In addition to all of the other evidence against this.... its rare that a person feints while in a seated position, its far more common while standing. A pilot, especially one alone in the cockpit is in a seated position. Also you are assuming that people who feint are representative of the population as a whole and of the population of active working pilots; where there is likely some medical self selection bias at work in both of those assumptions.

      Also for the most part, both pilots can leave the cockpit, or take a nap, and the plane shouldn't crash. This isn't exactly a wright brother's special here, this is a modern commercial airliner.

      There really isn't a lot of room here for an accident based on the TFAs claims

      • by Anonymous Coward on Thursday March 26, 2015 @09:38AM (#49344161)

        ...its rare that a person feints while in a seated position,...

        That's not true at all. For example, often times when I am relegated to the middle seat on an airplane I'll get all fidgety and unbuckle my belt. The aisle seat passenger will assume I need to get up and start to get his/her stuff in order so that I may be let out. Then I just settle back in to my chair and keep watching my movie.

        I think you meant, "faint".

      • by Culture20 ( 968837 ) on Thursday March 26, 2015 @09:40AM (#49344179)

        its rare that a person feints while in a seated position, its far more common while standing.

        Only because it's hard to advance or retreat from a seated position. I bet there's an example in a Three Musketeers movie though. Allez!

  • by Anonymous Coward on Thursday March 26, 2015 @09:04AM (#49343797)


  • by Anonymous Coward on Thursday March 26, 2015 @09:04AM (#49343801)

    The command was given by the captain before he left the cockpit (most likely to use the toilet).

  • The copilot is likely either a selfish bastard bent on school-shooter style suicide, or a selfish bastard taking a bunch of folks with him on his phantom trip to his afterlife reward.

    The saddest part of the story is the publicity will encourage other malcontents to mimicry.

  • by msobkow ( 48369 ) on Thursday March 26, 2015 @09:13AM (#49343869) Homepage Journal

    The fact that no attack occured gives the talking heads leeway to claim there was no "terrorist attack." That does not mean the fellow flying the plane at the time didn't have sympathies for terrorists or had been outright radicalized.

    They also hate calling something a "terrorist attack" if there isn't a pre-announced political message for the reasons behind the attack.

    Myself, I have a feeling they're going to learn a few things about him during the investigation that they'd rather were not true.

    • it could be as mundane as depression

      but then we're talking about depression and overwhelming narcissism here

      because depressed suicidal people still know right and wrong: they aren't going to take 150 innocent people out with them. the desire to harm the self for various reasons is not the same as the desire to harm others. so when you're talking murder/ suicide, such as when a dad or mom kills the spouse/ kids then themselves, you're at a level far beyond and far different than just depression and suicide, you're dealing with a narcissistic asshole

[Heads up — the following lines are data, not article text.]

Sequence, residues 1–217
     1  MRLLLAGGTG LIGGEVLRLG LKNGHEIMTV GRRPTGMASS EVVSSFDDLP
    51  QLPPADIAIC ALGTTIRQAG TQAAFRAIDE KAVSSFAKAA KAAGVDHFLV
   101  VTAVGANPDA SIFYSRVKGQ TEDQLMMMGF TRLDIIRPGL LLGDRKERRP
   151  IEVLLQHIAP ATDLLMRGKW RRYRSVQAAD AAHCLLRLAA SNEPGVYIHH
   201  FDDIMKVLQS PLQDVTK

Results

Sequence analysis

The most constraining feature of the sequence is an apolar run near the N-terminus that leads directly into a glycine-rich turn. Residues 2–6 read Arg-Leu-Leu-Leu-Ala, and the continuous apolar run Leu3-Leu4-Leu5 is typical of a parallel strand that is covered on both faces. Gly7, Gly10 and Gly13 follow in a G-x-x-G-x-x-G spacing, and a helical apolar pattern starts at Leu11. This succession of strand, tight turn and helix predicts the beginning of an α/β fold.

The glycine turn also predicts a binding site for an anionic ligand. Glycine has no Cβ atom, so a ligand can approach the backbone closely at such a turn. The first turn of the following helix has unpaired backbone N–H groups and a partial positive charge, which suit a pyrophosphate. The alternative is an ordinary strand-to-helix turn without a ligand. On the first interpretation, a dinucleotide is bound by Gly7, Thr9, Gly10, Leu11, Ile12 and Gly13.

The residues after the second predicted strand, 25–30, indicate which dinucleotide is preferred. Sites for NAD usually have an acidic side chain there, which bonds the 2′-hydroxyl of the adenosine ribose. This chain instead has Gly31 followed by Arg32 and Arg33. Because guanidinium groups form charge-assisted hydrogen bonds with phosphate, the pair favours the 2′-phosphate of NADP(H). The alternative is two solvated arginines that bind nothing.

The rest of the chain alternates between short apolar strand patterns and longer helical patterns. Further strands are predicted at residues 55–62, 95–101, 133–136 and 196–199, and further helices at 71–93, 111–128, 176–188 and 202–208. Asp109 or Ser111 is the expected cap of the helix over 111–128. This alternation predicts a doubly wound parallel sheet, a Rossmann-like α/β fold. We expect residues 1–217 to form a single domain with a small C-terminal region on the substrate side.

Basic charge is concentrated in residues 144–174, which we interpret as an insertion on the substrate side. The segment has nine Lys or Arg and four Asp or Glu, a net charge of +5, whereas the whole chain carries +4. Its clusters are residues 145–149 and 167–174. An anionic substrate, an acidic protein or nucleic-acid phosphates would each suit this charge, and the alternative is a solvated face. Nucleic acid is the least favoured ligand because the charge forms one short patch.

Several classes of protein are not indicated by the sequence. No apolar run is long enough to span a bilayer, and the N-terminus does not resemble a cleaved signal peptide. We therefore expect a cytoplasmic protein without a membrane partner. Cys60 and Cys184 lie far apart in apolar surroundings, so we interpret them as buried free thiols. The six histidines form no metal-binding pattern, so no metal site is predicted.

if it is simply suicide and not terrorism, this suicidal guy is still a complete piece of shit on the level of a terrorist. to be so overwhelmed with such a selfish egotistical internal drama that 150 lives simply don't mean a thing? wow

      man, if this is all because some fucking girl broke up with him... fuck this douchebag

      • I knew someone who stepped in front of a train. The driver was pretty badly affected by it. He wasn't a narcissist, he was just mentally ill with depression. In that state a person's brain isn't working properly and they sometimes act on faulty logic. In the case of people who kill their families before killing themselves they probably see it as the "right" thing to do, because they want to die but don't want their families to suffer grief, and see death as a way of ending suffering.

        It's hard for us to imagine but when your whole world is pain things like that seem to make sense.

    • by Catbeller ( 118204 ) on Thursday March 26, 2015 @10:51AM (#49345007) Homepage

      A couple of days ago, a Christian musician family in Phoneix (I think) went obviously nuts and engaged in a massive firefight with police in a big box parking lot they were camping in. Their entire repetoir was about Jesus coming and the End Times - and I'm guessing, since they were all armed, they were the US Government-Obama-is-Satan cultists that are extremely pervasive in the Confederacy (the West is just the suburbs of the Confederacy, has been since the end of the civil war). We have a gigantic armed cult of doomsdayer Dominionists dispersed throughout the country, and the FBI taskforce that monitored it was taken down at the insistence of Congressional confederate Republicans. Our loonies wear ties and Glocks and praise Jesus and fear the negro President. Not even a little bit hyperbolic.

      • Re: (Score:3, Insightful)

        by Anonymous Coward